Call me... unpronounceable
Having come across the books Watch
Your F*cking Language
as a Second F*cking Language
, Geoff Pullum takes another look at
that are "unspeakable"
because their orthographic representations
have "no possible out-loud reading", "no phonetic counterpart".
In these cases, it's the asterisk that is the source of the
problem. In the cases that Geoff looked at in an
, the film titles I
(where "<heart>" stands for a
heart symbol, one that doesn't appear properly on all browsers) and What the #$*! Do We Know!?
the "<heart>" and the "#$*!", respectively.
At the risk of telling Geoff things that he already knows, I'm going to
argue that the asterisk is by no means unpronounceable, and that the
<heart> and <expletive suppressed> probably aren't
either. The crucial observation is that it's not the
pronounceability of particular individual symbols that is at issue, but
the existence of conventions linking orthographic representations to
pronunciations, conventions that can be quite complex and
abstract. A close analogue to the representational scheme using
the asterisk for a suppressed letter (as in f*cking
and in the title of a Gregg
Araki film, Totally F***ed Up
is the representational scheme using the period as a sign of suppressed
letters (as in Ariz.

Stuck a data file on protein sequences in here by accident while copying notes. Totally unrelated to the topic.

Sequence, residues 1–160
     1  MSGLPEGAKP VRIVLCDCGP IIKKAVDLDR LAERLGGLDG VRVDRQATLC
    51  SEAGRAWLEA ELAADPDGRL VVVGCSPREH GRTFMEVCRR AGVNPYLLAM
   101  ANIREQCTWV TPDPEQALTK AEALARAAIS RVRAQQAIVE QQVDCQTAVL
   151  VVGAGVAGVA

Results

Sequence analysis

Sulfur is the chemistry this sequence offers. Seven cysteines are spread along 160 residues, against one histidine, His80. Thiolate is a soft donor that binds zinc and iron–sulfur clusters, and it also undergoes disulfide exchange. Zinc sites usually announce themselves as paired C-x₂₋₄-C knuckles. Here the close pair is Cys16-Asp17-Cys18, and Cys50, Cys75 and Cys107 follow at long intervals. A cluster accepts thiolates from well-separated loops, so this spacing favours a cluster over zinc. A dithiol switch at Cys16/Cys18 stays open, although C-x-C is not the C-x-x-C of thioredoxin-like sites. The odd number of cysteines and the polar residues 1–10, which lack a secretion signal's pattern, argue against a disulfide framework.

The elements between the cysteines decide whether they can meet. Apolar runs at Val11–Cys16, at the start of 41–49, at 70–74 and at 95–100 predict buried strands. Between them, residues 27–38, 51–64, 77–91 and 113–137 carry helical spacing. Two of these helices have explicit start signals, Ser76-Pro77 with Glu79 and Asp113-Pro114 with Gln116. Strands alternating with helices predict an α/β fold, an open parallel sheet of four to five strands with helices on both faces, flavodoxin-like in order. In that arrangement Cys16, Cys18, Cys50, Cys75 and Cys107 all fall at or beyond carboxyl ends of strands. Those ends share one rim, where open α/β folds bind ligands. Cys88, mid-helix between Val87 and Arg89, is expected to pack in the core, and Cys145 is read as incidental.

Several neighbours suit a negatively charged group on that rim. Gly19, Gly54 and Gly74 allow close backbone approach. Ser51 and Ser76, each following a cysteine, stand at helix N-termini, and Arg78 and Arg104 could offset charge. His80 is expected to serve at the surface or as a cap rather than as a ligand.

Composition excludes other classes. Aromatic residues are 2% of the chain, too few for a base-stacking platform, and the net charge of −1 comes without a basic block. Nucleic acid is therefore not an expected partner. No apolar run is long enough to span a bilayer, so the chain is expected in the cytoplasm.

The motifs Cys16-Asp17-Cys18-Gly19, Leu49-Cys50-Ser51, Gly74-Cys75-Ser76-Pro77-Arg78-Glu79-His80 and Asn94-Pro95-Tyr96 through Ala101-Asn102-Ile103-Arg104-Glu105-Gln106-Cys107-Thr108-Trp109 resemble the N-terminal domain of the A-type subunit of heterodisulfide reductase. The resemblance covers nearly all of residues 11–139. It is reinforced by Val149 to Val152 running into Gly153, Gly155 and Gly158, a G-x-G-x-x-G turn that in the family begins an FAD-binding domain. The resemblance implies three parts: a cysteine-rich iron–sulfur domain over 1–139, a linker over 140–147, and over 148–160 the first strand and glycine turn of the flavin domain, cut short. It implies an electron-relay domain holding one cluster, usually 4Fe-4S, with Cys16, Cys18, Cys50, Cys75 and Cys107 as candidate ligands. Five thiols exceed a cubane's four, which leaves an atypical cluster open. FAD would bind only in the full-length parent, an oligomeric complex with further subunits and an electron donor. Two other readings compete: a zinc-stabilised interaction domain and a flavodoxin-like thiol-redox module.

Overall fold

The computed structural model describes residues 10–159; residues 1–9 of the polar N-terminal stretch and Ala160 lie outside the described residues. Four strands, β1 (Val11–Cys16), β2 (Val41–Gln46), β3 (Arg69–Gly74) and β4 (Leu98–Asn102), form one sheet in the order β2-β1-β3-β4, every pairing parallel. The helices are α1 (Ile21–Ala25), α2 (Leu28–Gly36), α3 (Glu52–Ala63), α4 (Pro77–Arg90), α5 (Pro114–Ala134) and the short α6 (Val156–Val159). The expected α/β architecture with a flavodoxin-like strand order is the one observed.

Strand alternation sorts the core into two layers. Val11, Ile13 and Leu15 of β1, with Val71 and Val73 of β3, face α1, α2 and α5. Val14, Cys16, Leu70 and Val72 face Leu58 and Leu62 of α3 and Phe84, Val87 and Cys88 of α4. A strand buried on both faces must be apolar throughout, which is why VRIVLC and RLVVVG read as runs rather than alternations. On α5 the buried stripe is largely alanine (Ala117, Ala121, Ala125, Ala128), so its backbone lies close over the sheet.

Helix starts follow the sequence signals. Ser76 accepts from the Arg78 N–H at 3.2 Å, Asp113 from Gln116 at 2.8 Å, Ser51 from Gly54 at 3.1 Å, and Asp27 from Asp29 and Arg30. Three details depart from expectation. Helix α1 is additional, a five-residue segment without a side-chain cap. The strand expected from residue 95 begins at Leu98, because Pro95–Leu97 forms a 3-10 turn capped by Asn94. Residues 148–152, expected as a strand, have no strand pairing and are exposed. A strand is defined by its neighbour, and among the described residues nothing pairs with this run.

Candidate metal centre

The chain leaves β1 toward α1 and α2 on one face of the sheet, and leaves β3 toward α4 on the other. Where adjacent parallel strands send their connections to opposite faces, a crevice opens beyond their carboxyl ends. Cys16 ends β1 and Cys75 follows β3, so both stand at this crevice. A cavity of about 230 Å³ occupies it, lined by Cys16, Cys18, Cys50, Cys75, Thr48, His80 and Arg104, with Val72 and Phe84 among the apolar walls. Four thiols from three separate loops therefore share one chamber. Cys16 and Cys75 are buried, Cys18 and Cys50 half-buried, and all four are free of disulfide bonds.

, Mr. Majestyk
, and Mrs. Doubtfire
). The motives
for suppression are different in the two schemes -- modesty and
brevity, respectively -- but in both some character, which has no
pronunciation on its own, serves as an instruction to the reader to
supply some letter or letters, after which the whole expression will be
I'll start with the <heart> and <expletive suppressed>
cases. The <heart> began, I believe, on bumperstickers like
I <heart> Weimaraners
and similar (printed) public expressions of opinions and
sentiments. In this context, the symbol was intended to stand for
the word love
, so that I <heart> Weimaraners
be pronounced like "I love Weimaraners". The <heart> would
be much like &
"and", in, say, Pullum & Zwicky
It's a bit more abstract than &
though, since the <heart> is read as "loves" in the appropriate
context, as on the license plate of a colleague of mine: JRR <heart> AER
, which is to
be read as "[someone whose initials are] JRR loves [someone whose
initials are] AER". (The <heart> is one of the
non-alphanumeric characters you can get on vanity plates in the state
This isn't especially complex, but the <heart> soon took on a
life of its own. People began pronouncing it like "heart" (or